Emerson v. McDonald, docket no. 14-2968 (August 10, 2016)
HELD: Even if a veteran is granted service connection on the basis of a liberalizing regulation, 38 C.F.R. § 3.156(c)(1) still requires VA to reconsider the veteran’s initial claim on the basis of its receipt of newly associated service records.
SUMMARY: The veteran was denied service connection for PTSD in 2003 based on the lack of a verified stressor. In July 2010, VA amended 38 C.F.R. § 3.304(f) “to eliminate the requirement for corroborative evidence of a stressor where a VA mental health expert has diagnosed PTSD and the stressor is related to the veteran’s fear of hostile military or terrorist activity.” The following month, Mr. Emerson requested to reopen his claim. A VA Compensation and Pension (C&P) examiner noted his reports of combat as a helicopter door gunner. In June 2011, the Regional Office (RO) awarded service connection for PTSD, noting the change in 38 C.F.R. § 3.304(f). The RO assigned a 30% rating, effective August 2010, the date of his request to reopen.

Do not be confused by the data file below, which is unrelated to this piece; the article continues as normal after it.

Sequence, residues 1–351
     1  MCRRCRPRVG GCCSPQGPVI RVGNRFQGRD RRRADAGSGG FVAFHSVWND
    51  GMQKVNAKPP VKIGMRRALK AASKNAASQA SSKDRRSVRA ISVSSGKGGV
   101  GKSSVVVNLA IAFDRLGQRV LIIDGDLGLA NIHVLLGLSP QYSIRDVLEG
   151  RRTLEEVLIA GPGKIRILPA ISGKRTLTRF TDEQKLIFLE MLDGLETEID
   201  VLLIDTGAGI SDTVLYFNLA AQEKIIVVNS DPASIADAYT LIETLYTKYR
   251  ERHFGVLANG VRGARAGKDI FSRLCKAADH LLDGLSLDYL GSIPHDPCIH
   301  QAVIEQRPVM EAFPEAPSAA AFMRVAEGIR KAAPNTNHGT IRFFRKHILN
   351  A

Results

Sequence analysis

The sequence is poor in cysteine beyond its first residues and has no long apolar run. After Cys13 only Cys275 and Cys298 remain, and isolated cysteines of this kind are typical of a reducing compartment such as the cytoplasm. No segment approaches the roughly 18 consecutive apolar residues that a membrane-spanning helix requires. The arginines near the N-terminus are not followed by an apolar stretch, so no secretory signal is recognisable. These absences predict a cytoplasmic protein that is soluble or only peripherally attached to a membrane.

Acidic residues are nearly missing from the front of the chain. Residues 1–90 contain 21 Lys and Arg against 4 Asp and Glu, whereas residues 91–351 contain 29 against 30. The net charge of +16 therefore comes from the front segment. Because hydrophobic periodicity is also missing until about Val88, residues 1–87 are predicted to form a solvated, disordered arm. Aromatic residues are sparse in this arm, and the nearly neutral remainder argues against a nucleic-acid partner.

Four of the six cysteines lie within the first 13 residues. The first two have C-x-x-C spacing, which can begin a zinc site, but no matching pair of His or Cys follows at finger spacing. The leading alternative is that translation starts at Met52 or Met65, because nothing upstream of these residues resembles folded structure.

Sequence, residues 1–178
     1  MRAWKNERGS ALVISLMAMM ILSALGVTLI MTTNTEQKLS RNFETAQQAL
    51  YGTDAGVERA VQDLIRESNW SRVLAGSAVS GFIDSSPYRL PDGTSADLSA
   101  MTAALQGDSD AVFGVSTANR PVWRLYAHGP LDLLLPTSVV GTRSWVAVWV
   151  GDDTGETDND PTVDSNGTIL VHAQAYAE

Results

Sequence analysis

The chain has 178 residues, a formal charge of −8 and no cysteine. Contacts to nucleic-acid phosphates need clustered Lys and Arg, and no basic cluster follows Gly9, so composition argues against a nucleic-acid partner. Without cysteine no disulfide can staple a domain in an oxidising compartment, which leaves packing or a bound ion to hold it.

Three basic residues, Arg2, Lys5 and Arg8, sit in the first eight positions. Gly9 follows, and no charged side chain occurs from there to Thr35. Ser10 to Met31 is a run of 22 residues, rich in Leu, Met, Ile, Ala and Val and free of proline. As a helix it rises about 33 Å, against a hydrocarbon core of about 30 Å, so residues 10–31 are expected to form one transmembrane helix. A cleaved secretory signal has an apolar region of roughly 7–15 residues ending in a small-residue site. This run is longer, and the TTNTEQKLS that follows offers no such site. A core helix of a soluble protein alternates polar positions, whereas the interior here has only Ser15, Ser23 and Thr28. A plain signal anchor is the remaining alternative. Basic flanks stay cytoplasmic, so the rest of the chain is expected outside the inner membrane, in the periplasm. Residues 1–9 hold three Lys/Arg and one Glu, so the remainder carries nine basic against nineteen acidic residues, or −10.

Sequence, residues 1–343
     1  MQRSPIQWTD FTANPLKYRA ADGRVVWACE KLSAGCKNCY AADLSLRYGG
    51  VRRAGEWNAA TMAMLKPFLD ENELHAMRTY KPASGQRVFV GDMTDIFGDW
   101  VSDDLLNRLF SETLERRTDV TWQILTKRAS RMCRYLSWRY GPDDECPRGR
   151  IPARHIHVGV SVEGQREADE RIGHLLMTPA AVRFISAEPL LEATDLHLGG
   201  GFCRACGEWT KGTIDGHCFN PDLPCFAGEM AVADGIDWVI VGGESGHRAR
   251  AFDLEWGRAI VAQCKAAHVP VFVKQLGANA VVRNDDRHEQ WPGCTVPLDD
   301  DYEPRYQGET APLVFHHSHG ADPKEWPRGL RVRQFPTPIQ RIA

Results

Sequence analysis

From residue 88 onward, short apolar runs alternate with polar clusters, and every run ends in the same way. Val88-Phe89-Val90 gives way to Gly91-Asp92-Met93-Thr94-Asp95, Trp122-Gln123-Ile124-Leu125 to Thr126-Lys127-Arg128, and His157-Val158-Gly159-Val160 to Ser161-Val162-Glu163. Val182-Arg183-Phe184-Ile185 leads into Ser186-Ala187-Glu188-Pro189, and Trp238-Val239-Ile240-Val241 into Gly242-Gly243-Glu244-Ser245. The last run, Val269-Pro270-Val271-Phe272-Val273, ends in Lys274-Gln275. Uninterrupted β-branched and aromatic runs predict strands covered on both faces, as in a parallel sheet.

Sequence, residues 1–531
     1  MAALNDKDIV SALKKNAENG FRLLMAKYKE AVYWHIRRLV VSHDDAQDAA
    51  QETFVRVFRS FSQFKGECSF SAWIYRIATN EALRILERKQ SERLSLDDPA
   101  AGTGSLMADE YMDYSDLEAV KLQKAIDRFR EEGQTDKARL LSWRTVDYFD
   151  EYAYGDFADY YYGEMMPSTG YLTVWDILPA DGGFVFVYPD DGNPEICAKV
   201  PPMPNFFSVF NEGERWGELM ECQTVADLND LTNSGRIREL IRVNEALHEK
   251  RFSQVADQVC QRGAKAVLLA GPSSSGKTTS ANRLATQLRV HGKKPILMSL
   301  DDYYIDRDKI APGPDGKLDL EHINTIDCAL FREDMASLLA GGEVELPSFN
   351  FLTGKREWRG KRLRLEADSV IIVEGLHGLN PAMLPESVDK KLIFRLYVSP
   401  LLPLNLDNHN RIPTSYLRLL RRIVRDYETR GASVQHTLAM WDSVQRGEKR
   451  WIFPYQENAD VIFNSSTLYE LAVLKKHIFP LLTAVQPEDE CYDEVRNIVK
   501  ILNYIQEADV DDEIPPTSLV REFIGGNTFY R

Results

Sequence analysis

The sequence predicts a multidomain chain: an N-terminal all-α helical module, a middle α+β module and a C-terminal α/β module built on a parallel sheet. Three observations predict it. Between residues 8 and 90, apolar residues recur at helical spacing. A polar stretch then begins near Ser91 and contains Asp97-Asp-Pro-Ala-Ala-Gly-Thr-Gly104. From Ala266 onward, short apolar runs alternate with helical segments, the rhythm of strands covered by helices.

Mr. Emerson appealed the evaluation and the effective date. In 2012, he underwent another C&P examination, and the RO subsequently continued the 30% rating and denied an earlier effective date. In July 2012, he testified at a Board hearing and his then-attorney explicitly raised the issue of the applicability of 38 C.F.R. § 3.156(c) for an earlier effective date. Later that month, Mr. Emerson’s attorney submitted additional argument to the Board regarding § 3.156(c), along with service department records listing “the date and duration of completed helicopter missions, with the letter ‘C’ written next to each ‘Mission Type.’” He also submitted an Army Form 20, listing assignments and campaigns, that included the Tet Counter Offensive.
The Board granted a 50% disability rating, but denied the earlier effective date. The Board did not address the applicability of 38 C.F.R. § 3.156(c).